While on holidays in Australia in January, I got invited to play a small round-robin tournament in Amsterdam. I get these invitations every now and then, but it’s worth mentioning that such invitations are usually not as flattering as they first appear. These events are usually have the goal of providing an opportunity for the local talents to earn a grandmaster norm, the requirements for which involve having a field with at least three existing grandmasters and at least three nationalities represented.
As an Australian, part-time grandmaster with a ‘regular’ job, I’m thus the perfect target candidate to get beaten up by the talented norm-hunters. Normally this isn’t such an appealing prospect, but unfortunately I was in serious danger of missing the 30-game minimum threshold to apply for the Australian olympiad team. That fact, combined with the invitation coming from my jovial Dutch friend Merijn van Delft, encouraged me to accept. And so, immediately after the 24 hour flight back to Amsterdam, I found myself in a very pleasant bar in the centre of Amsterdam, caffeined to the eyeballs, sitting opposite the latest Dutch junior star, the European under-14 Champion Jorden van Foreest.
Did you notice I said ‘bar’? Yes, the tournament was actually held in a bar, and not just any bar. Cafe Batavia is a fantastic drinking establishment, right off the central station of Amsterdam. It’s got a very nice vibe to it (“gezellig”, the Dutch would say),with a cool, chess-loving owner, and on any normal day you’re likely to find a couple of the local patrons making use of the chess sets on offer. During this particular fortnight, in addition to this, the elegant, quiet back room was decked out for the tournament, nicely juxtaposed with the lively main bar next door.
Anyway, in the end I managed to win the tournament, despite losing the last round against the tournament cellar-dweller and my peer, Steven Geirnaert. (Actually, this brings Steven’s life score against me to 2/3, with us having played before in India when we were 17, and in Spain when we were 11!)
As fun and enjoyable as the tournament was, it was also the first time I’d tried to combine work and chess on such an intense level. Having just taken a month off work, there was no way I was going to be able to swing another fortnight away from the office. After each afternoon game, I would have to go to the office to work late into the evenings. Then I’d get some more work done in the mornings, do a bit of prep over lunch, play my game – and wash, rinse, repeat. The tournament had one rest day, but in order to catch up, I spent 12 hours in the office, so it was probably the least relaxing day for me of the fortnight.
In hindsight, it was a pretty rough decision. My games were riddled with oversights, and in the last game Steven smashed me so badly that I’m sure I would have struggled to manage a single point if the tournament had’ve been further extended. Of course, coming first was ostensibly a powerful result, but if you look below the surface, I was really incredibly lucky to get most of my points. Against the Netherlands female number one, Zhaoqin Peng, I managed to swindle a draw from two pawns down. In the game with the top seed, GM Sipke Ernst, my opponent missed a clear win in the diagram with the sneaky 23.Qxc4! Qxg6 24.Qc5, forking my two rooks. And against Merijn, I was clearly worse after 10 moves and had to grovel my way to another half a point.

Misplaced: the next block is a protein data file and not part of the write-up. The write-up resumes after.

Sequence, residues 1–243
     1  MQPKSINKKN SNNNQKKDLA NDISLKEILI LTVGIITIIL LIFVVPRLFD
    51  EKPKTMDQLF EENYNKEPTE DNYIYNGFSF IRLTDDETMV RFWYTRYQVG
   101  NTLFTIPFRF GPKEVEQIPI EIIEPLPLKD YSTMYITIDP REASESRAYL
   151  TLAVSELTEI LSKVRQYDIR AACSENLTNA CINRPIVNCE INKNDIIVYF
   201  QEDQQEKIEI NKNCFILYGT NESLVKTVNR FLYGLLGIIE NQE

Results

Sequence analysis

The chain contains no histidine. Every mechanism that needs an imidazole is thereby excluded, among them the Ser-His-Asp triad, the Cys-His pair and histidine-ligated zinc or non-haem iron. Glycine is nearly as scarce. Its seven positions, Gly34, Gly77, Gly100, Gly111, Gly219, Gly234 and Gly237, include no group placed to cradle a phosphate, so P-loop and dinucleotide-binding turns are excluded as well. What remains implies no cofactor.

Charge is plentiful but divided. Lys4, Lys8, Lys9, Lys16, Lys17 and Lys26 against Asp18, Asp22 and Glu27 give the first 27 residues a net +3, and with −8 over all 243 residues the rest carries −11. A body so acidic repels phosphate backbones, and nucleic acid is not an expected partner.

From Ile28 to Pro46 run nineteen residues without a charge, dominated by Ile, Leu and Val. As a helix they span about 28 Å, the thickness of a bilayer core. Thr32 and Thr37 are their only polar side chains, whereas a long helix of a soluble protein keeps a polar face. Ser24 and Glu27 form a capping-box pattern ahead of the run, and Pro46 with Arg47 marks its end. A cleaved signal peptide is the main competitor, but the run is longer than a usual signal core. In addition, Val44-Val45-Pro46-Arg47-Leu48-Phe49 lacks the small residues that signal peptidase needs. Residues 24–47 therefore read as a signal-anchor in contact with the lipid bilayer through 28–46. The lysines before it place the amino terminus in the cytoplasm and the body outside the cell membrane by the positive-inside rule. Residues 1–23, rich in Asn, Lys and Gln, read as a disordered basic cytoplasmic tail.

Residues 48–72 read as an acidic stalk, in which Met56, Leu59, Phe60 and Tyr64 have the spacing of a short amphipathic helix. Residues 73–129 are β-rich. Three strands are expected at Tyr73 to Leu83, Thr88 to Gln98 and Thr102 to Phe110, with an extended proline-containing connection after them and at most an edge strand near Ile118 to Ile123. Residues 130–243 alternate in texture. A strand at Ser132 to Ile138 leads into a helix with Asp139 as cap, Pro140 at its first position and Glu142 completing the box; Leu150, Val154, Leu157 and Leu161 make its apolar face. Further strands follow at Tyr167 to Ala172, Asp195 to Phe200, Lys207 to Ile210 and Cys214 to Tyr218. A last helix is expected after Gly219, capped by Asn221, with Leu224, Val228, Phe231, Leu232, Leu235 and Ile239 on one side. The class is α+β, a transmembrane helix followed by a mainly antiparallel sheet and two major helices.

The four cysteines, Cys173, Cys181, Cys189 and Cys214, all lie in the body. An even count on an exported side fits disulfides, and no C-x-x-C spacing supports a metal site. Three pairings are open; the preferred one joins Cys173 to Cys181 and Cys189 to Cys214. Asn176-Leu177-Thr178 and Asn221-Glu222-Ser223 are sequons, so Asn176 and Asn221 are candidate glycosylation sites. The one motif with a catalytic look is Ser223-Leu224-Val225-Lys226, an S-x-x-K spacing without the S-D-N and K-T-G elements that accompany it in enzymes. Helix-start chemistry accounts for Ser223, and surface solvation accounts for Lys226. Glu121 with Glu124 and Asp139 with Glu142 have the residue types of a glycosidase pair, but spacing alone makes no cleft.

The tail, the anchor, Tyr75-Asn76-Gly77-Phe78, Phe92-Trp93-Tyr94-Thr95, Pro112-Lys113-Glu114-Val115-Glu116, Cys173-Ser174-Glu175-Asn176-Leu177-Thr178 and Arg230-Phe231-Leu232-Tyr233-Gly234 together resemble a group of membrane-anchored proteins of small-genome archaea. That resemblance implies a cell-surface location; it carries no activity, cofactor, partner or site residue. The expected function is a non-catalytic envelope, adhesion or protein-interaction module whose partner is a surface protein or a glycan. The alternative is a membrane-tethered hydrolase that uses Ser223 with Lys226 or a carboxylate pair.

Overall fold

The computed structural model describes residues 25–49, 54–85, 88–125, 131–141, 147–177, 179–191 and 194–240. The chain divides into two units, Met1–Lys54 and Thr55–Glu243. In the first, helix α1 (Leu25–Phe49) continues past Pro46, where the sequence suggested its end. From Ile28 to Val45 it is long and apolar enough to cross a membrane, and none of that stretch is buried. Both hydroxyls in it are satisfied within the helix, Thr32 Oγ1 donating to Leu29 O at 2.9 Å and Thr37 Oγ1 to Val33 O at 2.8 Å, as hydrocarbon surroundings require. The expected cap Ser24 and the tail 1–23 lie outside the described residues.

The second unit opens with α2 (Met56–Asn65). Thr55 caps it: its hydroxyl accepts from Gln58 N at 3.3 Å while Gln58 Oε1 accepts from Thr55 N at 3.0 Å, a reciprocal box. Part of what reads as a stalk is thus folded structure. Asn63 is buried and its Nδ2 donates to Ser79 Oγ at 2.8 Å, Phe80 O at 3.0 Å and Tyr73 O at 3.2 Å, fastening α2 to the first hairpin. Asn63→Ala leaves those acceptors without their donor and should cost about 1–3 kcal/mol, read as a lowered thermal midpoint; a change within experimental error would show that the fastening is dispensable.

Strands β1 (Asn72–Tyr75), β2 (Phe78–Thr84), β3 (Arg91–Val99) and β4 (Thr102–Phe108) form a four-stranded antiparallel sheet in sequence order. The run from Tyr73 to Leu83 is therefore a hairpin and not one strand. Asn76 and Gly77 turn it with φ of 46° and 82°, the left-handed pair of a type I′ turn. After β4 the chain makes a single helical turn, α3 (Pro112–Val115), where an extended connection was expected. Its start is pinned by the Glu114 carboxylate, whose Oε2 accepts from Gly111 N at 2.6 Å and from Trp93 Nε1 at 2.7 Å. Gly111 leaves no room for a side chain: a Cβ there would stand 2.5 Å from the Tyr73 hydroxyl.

Lady Luck also manifested herself in more subtle ways. In round 5 I was paired against Twan Burg, my main rival and the eventual second-place getter. Usually, with the white pieces I would be planning to play for a slight advantage out of the opening, and slowly and carefully try to nurse it to a full point.
Unfortunately, I also had a meeting at the office five hours after the round started, so a long game was really not on the cards for me. This made my opening preparation a lot easier, as I chose a line that I could play very quickly and that would most likely lead to a quick draw – unless my opponent fell for one of the traps, in which case a quick win would result. As Caissa would have it, the latter happened, and I could put one hand on the trophy.
In general, I can take away three key lessons from the event. Firstly, despite the result, I’m really not as tactically sharp as I used to be. I don’t know whether it’s rust, or age, or both, but the blunders are becoming more frequent, and so probably I need to adapt my style to try to cover up this new weakness. Secondly (and perhaps obviously), a full time simultaneous work/chess schedule is ridiculously stupid. I was completely spent by the end of the event, by which time I was enjoying neither the games nor my research. The lesson is trivial after the fact, and certainly my conscience had a good time telling me “I told you so” after the last round.